The majority of Neuroendocrine Tumours (NETs) are slow growing (well differentiated). However, many tumours can be silent (non-functioning) for some years before they start to ‘function’ and inform you of their presence. Even then, it may take some time to work out the real cause as the symptoms can mimic regular ailments. Moreover, in most cases, the appearance of a functional tumour often indicates the disease has metastasised and could now be incurable. Some tumours will grow and metastasise without syndromes, i.e. they are non-functional. These may become functional at some point in the future.
However, with most slow-growing NETs, this does not mean terminal as there are various treatment options even at Stage IV. In fact, NETs are one example where surgery at the metastatic stage can often provide prognostic advantages denied in other more aggressive types of cancer at the same stage. However, it’s true to say that many NET patients regardless of tumour type or grade and stage of tumour, need to live with quality of life (QoL) challenges.
I sense a change of thinking about people living longer with cancer and the reasons are obvious. Due to better diagnostics and treatment (including for NETs), more people are now living with their cancer; and as a species we are living longer. Add the two together and you can see why the big scientific charity organisations are now saying that one in two people will develop cancer at some point in their lives. Ergo – as we live longer, we are more likely to encounter cancer on the basis that age is a significant factor in prevalence. Now that sounds pessimistic, but this needs to be put into context. For example, in UK today, more than one in three (35%) of those people who die having had a cancer diagnosis will now die from other causes. This is up from one in five (21%) 20 years ago. By 2020 this will improve further to almost four in 10 people (38%). This means the number of people who get cancer but die from another cause has doubled over the past 20 years. According to Macmillan Cancer, the cancer story is changing. What was once feared as a death sentence is now an illness that many people survive. A small bit of research indicates this type of thinking is becoming more apparent in other countries too. As survival rates increase, so too will the number of people be living with the legacy of cancer and its treatment.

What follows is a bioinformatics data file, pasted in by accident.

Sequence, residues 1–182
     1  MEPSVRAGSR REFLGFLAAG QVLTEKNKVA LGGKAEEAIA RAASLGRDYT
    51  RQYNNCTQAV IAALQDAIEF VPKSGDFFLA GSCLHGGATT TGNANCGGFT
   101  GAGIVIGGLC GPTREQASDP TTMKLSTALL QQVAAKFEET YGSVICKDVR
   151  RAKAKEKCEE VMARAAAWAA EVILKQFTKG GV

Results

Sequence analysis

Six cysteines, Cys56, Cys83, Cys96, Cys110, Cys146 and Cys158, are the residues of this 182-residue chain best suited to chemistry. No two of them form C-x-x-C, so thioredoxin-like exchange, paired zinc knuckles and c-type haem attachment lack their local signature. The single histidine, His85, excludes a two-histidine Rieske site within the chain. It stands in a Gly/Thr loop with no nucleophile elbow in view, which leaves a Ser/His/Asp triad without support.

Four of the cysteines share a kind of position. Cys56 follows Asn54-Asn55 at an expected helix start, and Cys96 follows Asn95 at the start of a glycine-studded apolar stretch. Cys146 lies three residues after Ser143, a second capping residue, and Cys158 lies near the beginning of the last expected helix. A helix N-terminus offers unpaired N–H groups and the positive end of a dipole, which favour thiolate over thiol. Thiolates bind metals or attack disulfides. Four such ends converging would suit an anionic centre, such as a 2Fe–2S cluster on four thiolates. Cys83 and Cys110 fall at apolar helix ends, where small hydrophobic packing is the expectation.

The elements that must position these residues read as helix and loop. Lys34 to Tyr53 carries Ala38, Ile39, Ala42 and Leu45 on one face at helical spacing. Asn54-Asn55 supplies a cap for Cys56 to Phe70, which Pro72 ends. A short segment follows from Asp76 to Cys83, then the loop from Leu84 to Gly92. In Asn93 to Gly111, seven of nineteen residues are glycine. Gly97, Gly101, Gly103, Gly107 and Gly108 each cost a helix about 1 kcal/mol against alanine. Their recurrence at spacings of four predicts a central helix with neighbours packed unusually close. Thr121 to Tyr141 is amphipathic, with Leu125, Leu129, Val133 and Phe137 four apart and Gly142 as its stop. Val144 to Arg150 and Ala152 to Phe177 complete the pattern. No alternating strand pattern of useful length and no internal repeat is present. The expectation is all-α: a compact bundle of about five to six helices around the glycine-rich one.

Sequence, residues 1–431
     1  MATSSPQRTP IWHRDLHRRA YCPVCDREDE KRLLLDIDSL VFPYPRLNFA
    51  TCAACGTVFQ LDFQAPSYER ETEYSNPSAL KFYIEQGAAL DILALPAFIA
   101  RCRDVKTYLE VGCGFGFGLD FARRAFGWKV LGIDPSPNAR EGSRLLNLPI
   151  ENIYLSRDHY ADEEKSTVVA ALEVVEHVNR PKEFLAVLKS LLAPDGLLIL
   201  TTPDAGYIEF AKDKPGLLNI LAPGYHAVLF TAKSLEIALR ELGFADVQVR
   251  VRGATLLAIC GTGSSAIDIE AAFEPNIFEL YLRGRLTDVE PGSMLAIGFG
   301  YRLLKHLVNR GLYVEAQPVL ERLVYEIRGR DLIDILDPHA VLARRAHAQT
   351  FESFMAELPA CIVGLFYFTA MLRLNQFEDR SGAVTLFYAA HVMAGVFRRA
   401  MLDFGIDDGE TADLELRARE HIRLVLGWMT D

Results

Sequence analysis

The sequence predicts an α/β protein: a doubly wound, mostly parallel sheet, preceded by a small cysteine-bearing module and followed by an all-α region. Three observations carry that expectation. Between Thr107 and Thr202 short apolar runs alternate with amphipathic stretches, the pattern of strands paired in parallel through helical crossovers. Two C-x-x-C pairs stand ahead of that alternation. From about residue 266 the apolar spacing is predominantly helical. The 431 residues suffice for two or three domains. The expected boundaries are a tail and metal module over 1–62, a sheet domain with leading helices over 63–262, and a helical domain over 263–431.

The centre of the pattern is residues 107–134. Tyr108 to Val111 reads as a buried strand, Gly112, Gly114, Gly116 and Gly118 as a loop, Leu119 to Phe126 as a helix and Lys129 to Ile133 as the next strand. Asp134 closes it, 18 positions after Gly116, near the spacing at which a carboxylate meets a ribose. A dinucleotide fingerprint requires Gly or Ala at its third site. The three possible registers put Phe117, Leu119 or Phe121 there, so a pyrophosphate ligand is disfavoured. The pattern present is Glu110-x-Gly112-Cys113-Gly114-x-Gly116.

Quality of Life remains important
Although more people are living with cancer rather than dying from it, quality of life must be a factor going forward. Any quality-of-life campaign fits nicely into the existing challenges faced by many Neuroendocrine Cancer patients who need support well beyond their diagnosis and treatment and for some time.
I consider these campaigns additional help in fighting our corner. And of course, we need help because for many NET patients there will be no remission, there will be no cure. Cancer patients need more support after a cancer diagnosis. NET patients are effectively already in this position and have been for some time. We have been at the forefront of a group of people living with cancer and needing close support and surveillance. For example:
Late diagnosis. People will be dealing from the effects of late diagnosis which has resulted in metastatic disease – and some people will have been fighting misdiagnosed illnesses for years. That takes its toll.
Consequences of Surgery. People will have had surgery which in many cases is life changing – various bits of the gut (gastrointestinal tract) are now missing, lungs are now missing – many other locations will have been excised or partly excised. These bits of our anatomy were there for a reason and QoL takes a hit when they are chopped out. Many patients succumb to issues such as gastrointestinal malabsorption, small intestine bacterial overgrowth, and/or exocrine pancreatic insufficiency.